SSRN Working Paper – ‘Crime and Punishment’? How Banks Anticipate and Propagate Global Financial Sanctions’

Mikhail Mamonov, Anna Pestova, and Steven Ongena

December 2022


We study the impact of global financial sanctions on banks and their corporate borrowers in Russia. Financial sanctions were consecutively imposed between 2014 and 2019, allowing targeted (but not yet sanctioned) banks to adapt their international and domestic exposures in advance. Using a staggered difference-in-differences approach with in-advance adaptation to anticipated treatment, we establish that targeted banks immediately reduced their foreign assets and actually expanded their international borrowings, compared to similar other banks. Once sanctioned, however, these banks not only further reduced their foreign assets but also started to decrease their international borrowings as well and faced considerable outflow of domestic private deposits. The introduction of government support prevented the banks’ disorderly failures and resulted in credit reshuffling: the banks contracted their lending to the domestic corporate sector by at least 4% of GDP and increased household lending by almost the same magnitude, mostly offsetting the total economic loss. Further, we introduce a two-stage treatment diffusion approach that flexibly addresses potential spillovers of the sanctions to private banks with political connections. Using unique hand-collected board membership and bank location data our approach shows that, throughout this period, politically-connected banks were not all equally recognized as potential sanction targets. Finally, using the syndicated loan data we establish that the negative real effects of sanctions materialized only when sanctioned firms were borrowing from sanctioned banks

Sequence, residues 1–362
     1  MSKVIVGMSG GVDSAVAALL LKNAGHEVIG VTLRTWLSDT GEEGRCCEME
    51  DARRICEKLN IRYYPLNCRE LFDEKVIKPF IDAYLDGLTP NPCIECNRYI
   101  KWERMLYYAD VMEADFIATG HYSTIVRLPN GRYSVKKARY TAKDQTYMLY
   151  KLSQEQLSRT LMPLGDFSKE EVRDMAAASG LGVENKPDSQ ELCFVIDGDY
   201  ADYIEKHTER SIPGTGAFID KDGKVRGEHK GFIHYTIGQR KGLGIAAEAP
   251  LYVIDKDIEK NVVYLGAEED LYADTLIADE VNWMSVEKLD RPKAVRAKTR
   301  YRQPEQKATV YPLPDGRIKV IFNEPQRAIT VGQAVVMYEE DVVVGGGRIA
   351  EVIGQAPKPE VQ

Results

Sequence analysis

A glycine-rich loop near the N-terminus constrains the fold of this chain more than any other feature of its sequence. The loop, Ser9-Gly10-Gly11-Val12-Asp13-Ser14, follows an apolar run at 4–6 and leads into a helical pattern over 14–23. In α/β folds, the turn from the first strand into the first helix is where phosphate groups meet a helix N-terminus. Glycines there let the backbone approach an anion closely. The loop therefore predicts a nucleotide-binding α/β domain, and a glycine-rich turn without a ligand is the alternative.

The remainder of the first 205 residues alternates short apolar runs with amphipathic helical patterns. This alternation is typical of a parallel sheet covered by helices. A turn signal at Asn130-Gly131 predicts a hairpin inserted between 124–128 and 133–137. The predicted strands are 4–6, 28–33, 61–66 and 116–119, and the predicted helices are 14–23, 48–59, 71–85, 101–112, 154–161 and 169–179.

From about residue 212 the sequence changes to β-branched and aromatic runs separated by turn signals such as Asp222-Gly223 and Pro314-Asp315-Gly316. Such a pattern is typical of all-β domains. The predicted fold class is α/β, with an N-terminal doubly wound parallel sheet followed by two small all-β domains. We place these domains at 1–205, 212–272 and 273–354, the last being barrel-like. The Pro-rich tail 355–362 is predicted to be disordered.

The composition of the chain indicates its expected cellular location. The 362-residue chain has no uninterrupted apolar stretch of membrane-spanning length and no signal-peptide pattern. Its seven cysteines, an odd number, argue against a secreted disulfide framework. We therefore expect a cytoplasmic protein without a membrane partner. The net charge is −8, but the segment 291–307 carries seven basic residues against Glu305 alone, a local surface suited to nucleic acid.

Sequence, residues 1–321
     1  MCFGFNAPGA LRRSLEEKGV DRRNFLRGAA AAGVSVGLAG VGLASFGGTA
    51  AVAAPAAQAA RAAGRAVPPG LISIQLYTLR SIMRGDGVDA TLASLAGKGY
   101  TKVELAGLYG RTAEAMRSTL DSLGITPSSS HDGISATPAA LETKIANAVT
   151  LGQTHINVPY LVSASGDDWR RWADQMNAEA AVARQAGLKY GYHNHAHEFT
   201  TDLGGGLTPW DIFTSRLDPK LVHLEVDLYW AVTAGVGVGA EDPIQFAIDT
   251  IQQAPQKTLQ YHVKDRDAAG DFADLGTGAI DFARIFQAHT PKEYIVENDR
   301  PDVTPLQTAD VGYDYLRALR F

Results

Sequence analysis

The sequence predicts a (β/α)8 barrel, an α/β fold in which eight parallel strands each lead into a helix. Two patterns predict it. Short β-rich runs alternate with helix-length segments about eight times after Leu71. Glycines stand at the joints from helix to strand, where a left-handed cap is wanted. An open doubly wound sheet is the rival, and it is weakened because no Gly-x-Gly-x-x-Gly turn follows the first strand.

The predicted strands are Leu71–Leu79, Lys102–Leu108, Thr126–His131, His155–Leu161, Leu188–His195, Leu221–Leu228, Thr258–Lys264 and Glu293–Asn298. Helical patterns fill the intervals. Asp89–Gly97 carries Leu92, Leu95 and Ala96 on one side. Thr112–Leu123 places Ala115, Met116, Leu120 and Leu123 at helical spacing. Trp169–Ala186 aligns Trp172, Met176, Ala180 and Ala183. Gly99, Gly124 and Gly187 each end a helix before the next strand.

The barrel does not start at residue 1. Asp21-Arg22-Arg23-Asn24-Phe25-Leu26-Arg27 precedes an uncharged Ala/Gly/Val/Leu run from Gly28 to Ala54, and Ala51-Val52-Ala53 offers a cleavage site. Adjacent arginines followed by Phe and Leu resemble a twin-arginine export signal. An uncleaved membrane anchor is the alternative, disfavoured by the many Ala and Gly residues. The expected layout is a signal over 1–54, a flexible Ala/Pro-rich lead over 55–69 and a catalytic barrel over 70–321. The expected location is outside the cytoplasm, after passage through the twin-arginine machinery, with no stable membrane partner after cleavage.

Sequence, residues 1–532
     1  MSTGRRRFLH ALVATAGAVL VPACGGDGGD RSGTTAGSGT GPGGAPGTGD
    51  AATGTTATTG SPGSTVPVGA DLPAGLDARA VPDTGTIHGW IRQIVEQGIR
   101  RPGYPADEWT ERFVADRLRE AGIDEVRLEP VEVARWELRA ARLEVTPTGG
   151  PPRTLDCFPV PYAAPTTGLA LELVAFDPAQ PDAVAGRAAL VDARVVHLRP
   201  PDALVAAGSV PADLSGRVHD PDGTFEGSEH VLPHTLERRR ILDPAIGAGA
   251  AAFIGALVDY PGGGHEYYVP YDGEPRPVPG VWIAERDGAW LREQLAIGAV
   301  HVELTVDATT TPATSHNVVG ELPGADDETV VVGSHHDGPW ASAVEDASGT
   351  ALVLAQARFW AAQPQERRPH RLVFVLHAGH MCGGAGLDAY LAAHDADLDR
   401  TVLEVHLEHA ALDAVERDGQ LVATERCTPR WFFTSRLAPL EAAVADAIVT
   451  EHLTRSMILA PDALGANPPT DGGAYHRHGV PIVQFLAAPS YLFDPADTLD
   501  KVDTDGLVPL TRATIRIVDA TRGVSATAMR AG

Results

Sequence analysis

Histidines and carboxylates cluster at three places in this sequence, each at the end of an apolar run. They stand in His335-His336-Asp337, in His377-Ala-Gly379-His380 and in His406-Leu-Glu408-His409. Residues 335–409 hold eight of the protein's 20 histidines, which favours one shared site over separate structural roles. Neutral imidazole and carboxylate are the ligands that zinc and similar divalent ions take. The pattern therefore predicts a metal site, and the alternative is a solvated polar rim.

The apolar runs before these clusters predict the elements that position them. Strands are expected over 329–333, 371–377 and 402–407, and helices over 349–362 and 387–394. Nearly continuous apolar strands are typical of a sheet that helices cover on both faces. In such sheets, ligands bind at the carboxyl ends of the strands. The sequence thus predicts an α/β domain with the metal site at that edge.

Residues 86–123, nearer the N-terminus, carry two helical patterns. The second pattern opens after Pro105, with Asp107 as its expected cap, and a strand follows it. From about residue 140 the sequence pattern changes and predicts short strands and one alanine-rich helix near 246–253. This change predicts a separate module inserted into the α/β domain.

‘Crime and Punishment’? How Banks Anticipate and Propagate Global Financial Sanctions’